Drawing Custom Shapes in Flutter using CustomPainter

Brief intro about Flutter

Flutter is a Mobile UI framework by Google which allows developers to create beautiful apps in record time for both iOS and Android with a single codebase. Most talked about feature that Flutter comes with is “Hot Reload” that allows blazing fast reload times (without actually loosing the current state of the app)

This article assumes that you are already familiar with or at least have an understanding of building a basic Flutter App with simple nested widgets.

Custom Shapes

Apart from inbuilt or trivial widgets that Flutter Framework provides like a Text Widget, a RaisedButton or a Container for bare bones what if we want to draw a custom button that has a custom shape or you just simply want to bring out that inner artist in you, Flutter makes it a breeze to draw these custom artistic shapes.

Custom Lines draw using CustomPainter in flutter.

Custom Lines

Custom Shapes and Curves drawn using CustomPainter in Flutter

Custom Shapes and Custom Curves

Let’s get started with making some simple custom shapes

Step 1: Create a new Flutter Project

Run the following command in your Terminal/Command prompt

flutter create custom_shapes

This will create a new flutter project and set up all the dependencies for you. After its done just open the folder in your preferred code editor. I will be using VSCode throughout this article for this project.

You can see the basic material app code that flutter generated for you in the lib/main.dart file. To run the app in emulator or your phone just goto Command Pallet (Command/Control + Shift + P) and type “Flutter: Select Device” and choose the device in which you would like to run the app. Goto Debug -> Start Without Debugging to start compiling and running the app on the chosen device.

Selecting the device option from the VSCode Command Pallete

Flutter: Select Device

Selecting the Device on which the app will run on from the list of devices connected in VSCode

List of Emulators or devices connected

Start the app without debugging option in VSCode to run the flutter app

Running the app on chosen device

Step 2: Creating a Base UI

Let’s remove all the unwanted code from the main.dart file and start from the beginning with a bare minimum app screen that has a simple scaffold with an AppBar having the title.

import 'package:flutter/material.dart';

void main() => runApp(HomePage());

class HomePage extends StatelessWidget {
@override
Widget build(BuildContext context) {
return MaterialApp(
theme: ThemeData(
brightness: Brightness.dark,
accentColor: Colors.deepOrangeAccent,
),
home: Scaffold(
appBar: AppBar(
title: Text('Custom Shapes'),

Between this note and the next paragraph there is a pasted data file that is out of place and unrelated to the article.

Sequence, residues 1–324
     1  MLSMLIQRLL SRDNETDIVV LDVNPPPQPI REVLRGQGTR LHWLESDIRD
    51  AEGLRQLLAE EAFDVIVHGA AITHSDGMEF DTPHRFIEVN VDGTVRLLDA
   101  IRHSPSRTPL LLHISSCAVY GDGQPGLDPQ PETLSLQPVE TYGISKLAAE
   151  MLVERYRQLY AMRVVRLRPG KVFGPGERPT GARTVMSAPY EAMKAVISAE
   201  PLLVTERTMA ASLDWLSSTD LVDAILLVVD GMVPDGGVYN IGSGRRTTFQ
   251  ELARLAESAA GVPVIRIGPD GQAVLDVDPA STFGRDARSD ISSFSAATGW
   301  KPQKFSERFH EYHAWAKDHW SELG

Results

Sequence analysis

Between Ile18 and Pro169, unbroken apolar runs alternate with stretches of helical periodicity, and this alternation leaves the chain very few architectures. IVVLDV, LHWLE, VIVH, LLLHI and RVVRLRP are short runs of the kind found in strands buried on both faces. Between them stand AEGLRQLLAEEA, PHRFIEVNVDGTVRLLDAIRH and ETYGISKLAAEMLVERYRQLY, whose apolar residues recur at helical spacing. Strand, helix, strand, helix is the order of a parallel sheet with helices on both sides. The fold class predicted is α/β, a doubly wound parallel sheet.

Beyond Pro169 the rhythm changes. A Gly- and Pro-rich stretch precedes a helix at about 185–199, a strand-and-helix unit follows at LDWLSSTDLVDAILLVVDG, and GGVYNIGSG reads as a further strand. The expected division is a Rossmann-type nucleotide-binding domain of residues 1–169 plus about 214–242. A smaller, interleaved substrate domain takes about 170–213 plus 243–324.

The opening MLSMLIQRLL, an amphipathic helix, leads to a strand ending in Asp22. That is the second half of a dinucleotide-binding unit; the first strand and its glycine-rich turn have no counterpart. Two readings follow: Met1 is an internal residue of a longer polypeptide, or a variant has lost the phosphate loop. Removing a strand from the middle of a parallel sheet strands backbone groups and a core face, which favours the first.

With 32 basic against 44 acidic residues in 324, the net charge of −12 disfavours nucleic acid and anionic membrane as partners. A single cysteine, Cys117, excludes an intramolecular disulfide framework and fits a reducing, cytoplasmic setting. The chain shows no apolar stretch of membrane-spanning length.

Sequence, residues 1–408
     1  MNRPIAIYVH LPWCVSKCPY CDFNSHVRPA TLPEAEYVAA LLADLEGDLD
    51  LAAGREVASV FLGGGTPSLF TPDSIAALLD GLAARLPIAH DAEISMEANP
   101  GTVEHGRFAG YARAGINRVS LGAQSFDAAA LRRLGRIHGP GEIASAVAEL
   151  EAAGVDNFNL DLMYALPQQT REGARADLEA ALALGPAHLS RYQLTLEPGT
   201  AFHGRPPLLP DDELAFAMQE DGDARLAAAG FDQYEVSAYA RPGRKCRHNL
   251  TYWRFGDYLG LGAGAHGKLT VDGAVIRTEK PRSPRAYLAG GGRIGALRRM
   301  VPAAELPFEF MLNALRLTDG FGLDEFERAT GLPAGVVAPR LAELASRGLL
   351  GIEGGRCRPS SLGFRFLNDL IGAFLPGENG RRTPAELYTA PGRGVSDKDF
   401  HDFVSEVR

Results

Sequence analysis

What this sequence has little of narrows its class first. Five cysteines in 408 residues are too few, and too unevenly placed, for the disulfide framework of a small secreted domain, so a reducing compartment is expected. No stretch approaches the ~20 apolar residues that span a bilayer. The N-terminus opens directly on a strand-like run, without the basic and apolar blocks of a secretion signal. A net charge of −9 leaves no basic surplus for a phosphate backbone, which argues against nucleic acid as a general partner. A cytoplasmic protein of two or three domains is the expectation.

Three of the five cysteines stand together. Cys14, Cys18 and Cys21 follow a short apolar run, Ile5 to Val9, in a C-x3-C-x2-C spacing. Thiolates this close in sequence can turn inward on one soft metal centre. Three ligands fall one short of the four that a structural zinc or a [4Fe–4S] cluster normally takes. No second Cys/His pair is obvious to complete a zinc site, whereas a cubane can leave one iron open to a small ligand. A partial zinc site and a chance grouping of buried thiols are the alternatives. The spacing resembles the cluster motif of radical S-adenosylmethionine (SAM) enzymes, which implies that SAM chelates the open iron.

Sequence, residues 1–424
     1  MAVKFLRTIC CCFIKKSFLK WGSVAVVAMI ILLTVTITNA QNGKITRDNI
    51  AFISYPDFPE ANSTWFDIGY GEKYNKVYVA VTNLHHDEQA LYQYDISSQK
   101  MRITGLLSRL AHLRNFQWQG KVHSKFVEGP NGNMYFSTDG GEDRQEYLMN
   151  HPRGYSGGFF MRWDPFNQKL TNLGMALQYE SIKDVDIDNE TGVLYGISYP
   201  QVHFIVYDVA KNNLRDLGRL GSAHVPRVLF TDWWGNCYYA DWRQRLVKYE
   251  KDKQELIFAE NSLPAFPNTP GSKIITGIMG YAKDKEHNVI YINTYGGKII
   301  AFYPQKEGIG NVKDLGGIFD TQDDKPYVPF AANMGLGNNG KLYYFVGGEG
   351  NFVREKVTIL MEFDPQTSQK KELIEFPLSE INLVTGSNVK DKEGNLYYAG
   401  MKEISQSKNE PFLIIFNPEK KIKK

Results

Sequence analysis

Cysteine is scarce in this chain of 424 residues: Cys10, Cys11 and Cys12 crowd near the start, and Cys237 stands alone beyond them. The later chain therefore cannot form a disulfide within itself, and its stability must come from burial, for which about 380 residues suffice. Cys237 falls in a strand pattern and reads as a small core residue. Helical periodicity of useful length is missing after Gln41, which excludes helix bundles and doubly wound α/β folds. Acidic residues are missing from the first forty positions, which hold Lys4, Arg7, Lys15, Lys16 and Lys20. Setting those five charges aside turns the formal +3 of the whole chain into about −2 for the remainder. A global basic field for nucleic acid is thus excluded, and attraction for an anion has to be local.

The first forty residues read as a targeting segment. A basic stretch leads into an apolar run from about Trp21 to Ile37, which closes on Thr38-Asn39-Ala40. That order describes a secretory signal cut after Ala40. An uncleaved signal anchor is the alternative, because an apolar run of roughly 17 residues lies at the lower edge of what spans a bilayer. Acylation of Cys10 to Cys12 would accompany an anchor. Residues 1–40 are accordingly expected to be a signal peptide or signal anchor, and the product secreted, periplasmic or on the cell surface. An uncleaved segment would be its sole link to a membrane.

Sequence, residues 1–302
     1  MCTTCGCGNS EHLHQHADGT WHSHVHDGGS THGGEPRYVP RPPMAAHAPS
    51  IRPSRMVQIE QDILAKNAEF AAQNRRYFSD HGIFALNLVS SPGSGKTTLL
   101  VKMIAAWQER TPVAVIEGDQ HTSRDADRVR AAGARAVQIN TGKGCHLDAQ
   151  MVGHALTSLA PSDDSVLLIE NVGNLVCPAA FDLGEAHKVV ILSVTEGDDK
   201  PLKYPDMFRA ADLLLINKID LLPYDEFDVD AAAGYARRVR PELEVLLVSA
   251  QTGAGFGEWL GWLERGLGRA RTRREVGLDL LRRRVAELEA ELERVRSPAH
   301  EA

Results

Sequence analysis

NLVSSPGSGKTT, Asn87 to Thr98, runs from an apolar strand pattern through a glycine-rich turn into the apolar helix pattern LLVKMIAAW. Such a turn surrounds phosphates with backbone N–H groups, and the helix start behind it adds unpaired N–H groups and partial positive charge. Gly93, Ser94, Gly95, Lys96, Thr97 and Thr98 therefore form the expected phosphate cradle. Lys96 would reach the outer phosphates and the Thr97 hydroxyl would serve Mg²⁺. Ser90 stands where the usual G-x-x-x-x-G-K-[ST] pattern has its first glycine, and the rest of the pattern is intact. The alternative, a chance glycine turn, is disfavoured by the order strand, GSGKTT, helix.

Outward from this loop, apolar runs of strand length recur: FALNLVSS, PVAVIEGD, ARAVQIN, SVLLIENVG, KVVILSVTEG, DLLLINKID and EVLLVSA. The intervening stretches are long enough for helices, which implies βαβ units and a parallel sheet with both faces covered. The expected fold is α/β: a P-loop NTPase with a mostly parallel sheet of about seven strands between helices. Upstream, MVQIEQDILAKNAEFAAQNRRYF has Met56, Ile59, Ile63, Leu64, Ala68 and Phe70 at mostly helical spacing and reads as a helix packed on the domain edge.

),
body: Padding(
padding: EdgeInsets.all(8.0),
child: Container(),
),
),
);
}
}
Initial App screen when its run with all the widgets removed and just having a MaterialApp and a Scaffold with Container
Initial Screen

Step 3: Let’s draw something

We will make use CustomPaint Widget which allow us to draw things on the screen by making use of a CustomPainter object.

CustomPaint(
painter: MyCustomPainter(),
child: Widget(),
....
)

CustomPaint widget requires mainly two things, a painter and a child widget. The Custom paint uses the painter to paint/draw (ex: custom shapes) on the canvas after which it draws the child widget on top of it. Let’s add this CustomPaint Widget to our app and start drawing something.

body: Padding(
padding: EdgeInsets.all(8.0),
child: CustomPaint(
painter: ShapesPainter(),
child: Container(height: 700,),
),
),

ShapesPainter is an instance of a class that extends CustomPainter. The CustomPainter class provides us with 2 methods to override.

class ShapesPainter extends CustomPainter {
@override
void paint(Canvas canvas, Size size) {
// TODO: implement paint
}

@override
bool shouldRepaint(CustomPainter oldDelegate) {
// TODO: implement shouldRepaint
return null;
}
}

The shouldRepaint method is used to optimise repaints and basically tell whether the widget needs to be repainted if this properties change. You can read more about that here.

The paint method is where the real magic happens. This method comes with two parameters. A canvas and the Size of the canvas (or boundaries). We draw stuffs on this Canvas using a Paint object which can be created and customised as required. The paint can have various properties like color, shader, style etc. more about it here.

So to just sum it all up, we use a paint (more like a brush) and draw stuffs on the Canvas that we have been provided with which has some width and height. It’s similar to how we draw something on a piece of paper using a pencil. Here the paper would have definite width and height (that would be the Canvas object here) and the pencil that we used to draw might have different levels of darkness and color etc. (that would be our Paint object here).

The canvas object comes with some helper methods like drawCircle, drawRect etc. to draw a circle and draw a rectangle. All the draw..() methods in the canvas requires a paint object.

Let’s create a simple paint object which has a color of Colors.deepOrange and draw a circle on the canvas.

class ShapesPainter extends CustomPainter {
@override
void paint(Canvas canvas, Size size) {
final paint = Paint();
// set the color property of the paint
paint.color = Colors.deepOrange;

// center of the canvas is (x,y) => (width/2, height/2)
var center = Offset(size.width / 2, size.height / 2);

// draw the circle on centre of canvas having radius 75.0
canvas.drawCircle(center, 75.0, paint);
}

@override
bool shouldRepaint(CustomPainter oldDelegate) => false;
}
A Custom Orange circle drawn on the middle of the canvas
Custom Drawn Circle at the center of canvas